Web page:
Charlie: When are we getting off this boat?
Cassie: Soon. Look at the moon. Goodnight Moon…..
Charlie: (Too loudly) Where’s Max? Where’s Chloe?
Cassie: They went to stay with Grandma BJ and Pop Dick for a few days at their house.
Charlie: (voice rising another decibel) That’s where we going?
Cassie: (slowly, quietly) No. We’re going home to New Jersey.
Charlie: (yelling with conviction) I don’t want to go home to New Jersey!
Cassie (quietly) Me either.
Scott (irritated, probably by the volume of our conversation but also, perhaps, by the crack about New Jersey): Why are you talking to him? Don’t even talk to him. Charlie, settle down right now!
Charlie: (undeterred) I NOT going to settle down!
Cassie: Shhhh! Let’s be quiet now. Look at the moon.
Scott: He doesn’t want to look at the moon!
Charlie: I don’t want to look at the moon!
Scott: I’m warning you, Charlie. If you don’t pipe down this instant, I am bringing you down to the car for the rest of the boat ride! Mommy will stay here and you and I are going down…to the bottom of the boat.
(Charlie took his blankie and brought it up over his head. He fidgeted under his tent, in my lap, for the remainder of the ferry ride, talking to himself and his stuffed animals in a quieter, but still very animated, voice. Later, once we were back in the car, waiting to disembark from the ferry parking cave, Scott spoke. There was a nervous edge to his voice.)
Scott: Why is the trip smoother with the older kids along? Why doesn’t he just go to sleep….from, like, the boredom? Why is he still talking?
Cassie: He feels trapped. Come to think of it, so do I. What if he never goes to sleep, Scott?! I’m having a lot of anxiety right now! Oh. My. God. We’re not going to make it on this trip….driving through the wee hours of the night with a kid who won’t stop talking….who won’t sleep! I can feel that my stomach is cramping. I might be having a little trouble breathing.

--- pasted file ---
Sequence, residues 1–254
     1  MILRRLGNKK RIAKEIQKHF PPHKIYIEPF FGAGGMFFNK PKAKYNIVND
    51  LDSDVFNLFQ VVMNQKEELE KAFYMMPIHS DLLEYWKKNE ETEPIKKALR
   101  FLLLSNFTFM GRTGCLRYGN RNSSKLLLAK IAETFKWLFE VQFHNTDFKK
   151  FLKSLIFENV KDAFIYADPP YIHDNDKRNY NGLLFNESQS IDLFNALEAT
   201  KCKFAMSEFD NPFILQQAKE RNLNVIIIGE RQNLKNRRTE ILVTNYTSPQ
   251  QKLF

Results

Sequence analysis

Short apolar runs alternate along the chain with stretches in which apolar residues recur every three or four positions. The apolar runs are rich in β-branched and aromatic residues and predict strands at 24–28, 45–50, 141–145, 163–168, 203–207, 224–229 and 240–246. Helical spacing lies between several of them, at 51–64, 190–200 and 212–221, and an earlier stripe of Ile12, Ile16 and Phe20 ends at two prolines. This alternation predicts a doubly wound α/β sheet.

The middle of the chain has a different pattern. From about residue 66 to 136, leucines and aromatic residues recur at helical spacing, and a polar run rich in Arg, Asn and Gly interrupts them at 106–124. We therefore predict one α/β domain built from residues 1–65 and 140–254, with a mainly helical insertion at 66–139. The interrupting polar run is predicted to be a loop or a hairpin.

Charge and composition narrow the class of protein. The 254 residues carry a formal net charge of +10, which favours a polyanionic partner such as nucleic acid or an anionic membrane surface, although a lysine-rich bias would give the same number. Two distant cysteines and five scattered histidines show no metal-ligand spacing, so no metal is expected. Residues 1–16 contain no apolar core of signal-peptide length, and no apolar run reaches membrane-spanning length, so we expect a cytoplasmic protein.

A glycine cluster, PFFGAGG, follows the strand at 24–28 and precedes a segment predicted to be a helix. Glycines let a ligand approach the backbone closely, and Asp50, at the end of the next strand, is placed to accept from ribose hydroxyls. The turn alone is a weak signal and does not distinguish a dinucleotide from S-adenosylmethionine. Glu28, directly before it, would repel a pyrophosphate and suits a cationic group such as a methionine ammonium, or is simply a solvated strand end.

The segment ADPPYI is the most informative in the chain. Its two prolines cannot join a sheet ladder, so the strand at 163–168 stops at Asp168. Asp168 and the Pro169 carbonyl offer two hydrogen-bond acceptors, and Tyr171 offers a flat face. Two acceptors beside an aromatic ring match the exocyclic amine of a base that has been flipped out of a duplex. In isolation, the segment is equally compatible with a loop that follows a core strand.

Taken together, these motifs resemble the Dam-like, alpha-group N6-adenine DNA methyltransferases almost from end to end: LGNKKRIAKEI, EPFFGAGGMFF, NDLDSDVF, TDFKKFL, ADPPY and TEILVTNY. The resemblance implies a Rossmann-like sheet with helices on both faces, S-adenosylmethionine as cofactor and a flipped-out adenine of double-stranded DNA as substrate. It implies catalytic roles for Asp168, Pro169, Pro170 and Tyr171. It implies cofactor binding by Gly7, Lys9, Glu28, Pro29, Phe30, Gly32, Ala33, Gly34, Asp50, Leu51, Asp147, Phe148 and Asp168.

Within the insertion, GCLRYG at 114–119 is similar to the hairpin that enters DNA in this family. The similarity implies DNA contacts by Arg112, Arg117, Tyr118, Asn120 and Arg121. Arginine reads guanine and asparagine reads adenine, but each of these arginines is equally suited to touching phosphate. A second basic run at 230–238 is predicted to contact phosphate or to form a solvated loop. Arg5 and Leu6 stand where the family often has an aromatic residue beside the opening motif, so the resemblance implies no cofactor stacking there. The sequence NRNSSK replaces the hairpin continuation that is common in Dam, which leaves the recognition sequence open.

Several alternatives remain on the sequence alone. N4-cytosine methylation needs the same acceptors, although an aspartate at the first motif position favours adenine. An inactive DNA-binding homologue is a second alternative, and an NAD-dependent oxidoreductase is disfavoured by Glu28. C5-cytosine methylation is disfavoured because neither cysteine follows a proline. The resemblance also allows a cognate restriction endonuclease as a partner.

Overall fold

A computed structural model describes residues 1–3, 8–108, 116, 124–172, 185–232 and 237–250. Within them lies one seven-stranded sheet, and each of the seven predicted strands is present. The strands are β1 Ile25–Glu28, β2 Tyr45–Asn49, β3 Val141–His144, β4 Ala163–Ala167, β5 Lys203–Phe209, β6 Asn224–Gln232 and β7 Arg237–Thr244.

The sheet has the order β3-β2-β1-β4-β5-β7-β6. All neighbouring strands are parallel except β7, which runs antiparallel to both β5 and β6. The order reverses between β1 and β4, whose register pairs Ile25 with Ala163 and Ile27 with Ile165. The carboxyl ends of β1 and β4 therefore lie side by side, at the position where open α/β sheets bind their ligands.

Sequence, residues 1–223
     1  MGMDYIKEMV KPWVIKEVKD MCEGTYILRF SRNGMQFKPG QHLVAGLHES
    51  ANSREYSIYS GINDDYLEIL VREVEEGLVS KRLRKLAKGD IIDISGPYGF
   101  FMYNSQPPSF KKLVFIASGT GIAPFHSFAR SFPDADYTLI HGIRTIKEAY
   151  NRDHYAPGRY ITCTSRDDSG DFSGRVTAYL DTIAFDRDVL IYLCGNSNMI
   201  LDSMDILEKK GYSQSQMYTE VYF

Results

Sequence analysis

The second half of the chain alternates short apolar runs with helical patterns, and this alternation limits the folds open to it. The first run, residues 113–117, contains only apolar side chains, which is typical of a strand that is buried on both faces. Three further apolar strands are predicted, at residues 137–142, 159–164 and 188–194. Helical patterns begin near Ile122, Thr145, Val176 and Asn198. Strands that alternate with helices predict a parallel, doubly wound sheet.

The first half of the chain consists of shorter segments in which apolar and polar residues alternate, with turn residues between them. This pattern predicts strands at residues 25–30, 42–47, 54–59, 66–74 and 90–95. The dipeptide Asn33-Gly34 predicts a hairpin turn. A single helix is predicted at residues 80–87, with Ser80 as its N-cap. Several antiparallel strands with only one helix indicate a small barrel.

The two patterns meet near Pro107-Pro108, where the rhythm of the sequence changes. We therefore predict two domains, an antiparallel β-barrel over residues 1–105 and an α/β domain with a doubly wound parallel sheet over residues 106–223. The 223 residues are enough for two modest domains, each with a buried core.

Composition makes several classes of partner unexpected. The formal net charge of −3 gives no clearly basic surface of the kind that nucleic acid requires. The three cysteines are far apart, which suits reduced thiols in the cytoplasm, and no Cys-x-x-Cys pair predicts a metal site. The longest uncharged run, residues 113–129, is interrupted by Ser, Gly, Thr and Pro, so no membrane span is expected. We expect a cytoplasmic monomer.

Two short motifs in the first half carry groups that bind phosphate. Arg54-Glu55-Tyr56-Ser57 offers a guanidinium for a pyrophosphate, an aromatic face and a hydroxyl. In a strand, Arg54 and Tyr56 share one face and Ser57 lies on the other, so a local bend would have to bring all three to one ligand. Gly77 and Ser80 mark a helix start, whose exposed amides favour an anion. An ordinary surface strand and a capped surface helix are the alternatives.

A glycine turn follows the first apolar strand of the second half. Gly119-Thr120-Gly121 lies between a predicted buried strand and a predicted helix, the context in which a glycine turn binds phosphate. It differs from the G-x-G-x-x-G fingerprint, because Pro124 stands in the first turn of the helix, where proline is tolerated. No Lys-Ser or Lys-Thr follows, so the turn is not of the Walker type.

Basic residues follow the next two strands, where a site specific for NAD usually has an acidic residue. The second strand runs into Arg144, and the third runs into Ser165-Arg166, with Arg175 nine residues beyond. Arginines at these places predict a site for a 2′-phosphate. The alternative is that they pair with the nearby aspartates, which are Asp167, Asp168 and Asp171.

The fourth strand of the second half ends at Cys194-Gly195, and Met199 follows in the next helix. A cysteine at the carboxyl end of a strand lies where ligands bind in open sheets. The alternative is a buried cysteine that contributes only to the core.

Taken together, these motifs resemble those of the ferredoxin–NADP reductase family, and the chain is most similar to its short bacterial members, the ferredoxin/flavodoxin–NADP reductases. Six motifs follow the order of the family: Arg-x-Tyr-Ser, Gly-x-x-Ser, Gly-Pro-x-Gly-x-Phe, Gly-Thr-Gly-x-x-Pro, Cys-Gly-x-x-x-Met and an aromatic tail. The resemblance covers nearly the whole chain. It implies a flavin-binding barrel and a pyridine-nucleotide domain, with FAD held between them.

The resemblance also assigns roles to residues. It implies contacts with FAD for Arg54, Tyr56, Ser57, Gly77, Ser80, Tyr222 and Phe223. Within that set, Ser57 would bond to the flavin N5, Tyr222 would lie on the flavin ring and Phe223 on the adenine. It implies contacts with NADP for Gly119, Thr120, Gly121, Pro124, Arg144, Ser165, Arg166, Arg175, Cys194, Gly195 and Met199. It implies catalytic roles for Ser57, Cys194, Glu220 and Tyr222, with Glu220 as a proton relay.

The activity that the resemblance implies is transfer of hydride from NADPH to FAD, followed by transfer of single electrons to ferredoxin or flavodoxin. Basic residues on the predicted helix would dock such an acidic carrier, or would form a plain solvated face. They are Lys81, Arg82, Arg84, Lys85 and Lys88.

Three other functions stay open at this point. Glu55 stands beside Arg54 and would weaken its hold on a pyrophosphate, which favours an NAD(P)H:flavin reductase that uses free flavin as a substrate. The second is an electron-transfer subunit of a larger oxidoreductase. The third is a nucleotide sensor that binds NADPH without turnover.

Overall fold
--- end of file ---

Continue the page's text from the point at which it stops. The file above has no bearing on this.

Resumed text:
Scott: (to me) Get a grip. (to Charlie) Stop talking!
Scott: Yes! Right now, mister!
Charlie: No! I never go to sleep! (devilishly) Ha ha ha ha!
Cassie: Oh. My. God. Can’t breathe! Seriously, can’t breathe!
Scott: Jesus! Charlie, you listen to me right now! You stop talking and you go to sleep! I mean it! (And, as if to punctuate his last declaration, Scott reached to the back seat and poked Charlie in the leg.) Right now!
Charlie: (blinking rapidly but not crying, then shaking his head from side to side and tsk-tsk-tsking) Such a bad Daddy! That is SUCH A BAD DADDY!
(Silence. Then, we couldn’t help ourselves and we cracked up with laughter. This little two year old, who was running the show, holding his parents hostage at the start of a car trip sure told us, shooting off his mouth with sparks of humor at such an early age, a pre-cursor — though we didn’t know it — to all that was going to come from this brainy, funny communicator with the rapid wit and the sharp tongue. We could NOT stop laughing. Charlie looked out his window, slightly amused, but also, it appeared, slightly drowsy.
We got a grip on ourselves right then and there, the parents of the Smart Comeback Toddler. Charlie fell sound asleep. Scott drove along I-495, the late night hours ticking on. We’ll get to Connecticut and then New York State… eventually, I thought. I continued to stare out the front window, sometimes falling into a light doze. Charlie’s soft snores from the back seat soothed me as did the humid air that blew across my face through the opened car window.
Occasionally, the two adults in the car started to giggle, uncontrollably. They would repeat the two-year-old’s line, “Such a bad Daddy!” and then giggle again while the car pushed ahead toward New Jersey.